Turgut uyar`ın huzursuzluğu

Sezer, Engin
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Bilkent University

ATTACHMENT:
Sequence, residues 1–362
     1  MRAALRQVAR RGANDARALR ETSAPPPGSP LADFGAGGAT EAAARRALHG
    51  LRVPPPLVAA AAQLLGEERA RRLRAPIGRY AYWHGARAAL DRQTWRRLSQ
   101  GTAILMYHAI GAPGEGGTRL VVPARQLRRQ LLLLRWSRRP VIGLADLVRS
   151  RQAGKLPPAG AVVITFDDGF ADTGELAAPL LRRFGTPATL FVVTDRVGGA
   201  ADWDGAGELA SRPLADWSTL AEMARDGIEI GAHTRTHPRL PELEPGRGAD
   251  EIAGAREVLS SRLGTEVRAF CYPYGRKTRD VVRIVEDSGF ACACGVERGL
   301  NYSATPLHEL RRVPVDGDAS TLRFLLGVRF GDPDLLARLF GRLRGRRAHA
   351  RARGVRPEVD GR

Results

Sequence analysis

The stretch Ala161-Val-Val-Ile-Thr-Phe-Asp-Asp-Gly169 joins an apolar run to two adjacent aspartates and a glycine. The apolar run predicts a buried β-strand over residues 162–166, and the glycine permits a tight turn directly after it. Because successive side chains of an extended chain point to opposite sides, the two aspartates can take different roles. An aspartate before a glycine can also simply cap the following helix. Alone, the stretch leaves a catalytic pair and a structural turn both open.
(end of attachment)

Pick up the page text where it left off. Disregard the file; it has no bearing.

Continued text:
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Turgut Uyar’s earlier understanding of poetry goes through a sudden change with Dünyanın En Güzel Arabistanı [The Most Beautiful Arabia of the World]. In his earlier style, the influence of “Garip Poetry” can be detected, but in Dünyanın En Güzel Arabistanı, Uyar approaches poetry with a new concep, similar to those of the other İkinci Yeni [The Second New] poets’, in which meaning is pushed to the background and figures of speech are brough to the fore. Dünyanın En Güzel Arabistanı is a modern work of art. The basic motivation that leads Uyar to write this book is the emotional pressures of modernity on the individual. Here, the poet focuses on two problems: First comes the pressure on the individual caused by religious morality, traditional ethics, and the social institutions which enforce these concepts. Second is the shock experience and discontents caused by modern civilization, urbanization, and the life style in urban the setting. Adverse affects of these experiences on the individual is not only the main theme of book, but it also determines the construction its whole design, the formal characteristics of the poems, and the dynamics of the imagery. In Dünyanın En Güzel Arabistanı, verses are not logically continuous, the narrative lacks the commonly expected form of linearity, and the construction that makes the book a whole is rather fragmented. Although these poems are meant to be read as independent pieces, they are connected to one another and constitute a coherent whole, because they are constructed within the framework of a common universe of symbols or fictional characters. The narrative events taking place in the poems do not display a chronological linearity. The poet/author hides himself behind the narrator of the individual poems and leaves the reader alone with the narrator. He employs various techniques of dramatic writing and story telling, which are not all that common in Turkish poetry. He backgrounds the meaning and expects the reader to bring together the pieces of the fragmented narrative by using various ambiguous relations between the imagery of the individual poems. The aesthetic choice of Turgut Uyar in this book is not Apollonian, but Dionysian, to refer to Nietzsche’s well-know dichotomy, one that the poet himself conceptualizes as “clumsiness”, something that makes the reader feel a sense of incompleteness before the whole work.

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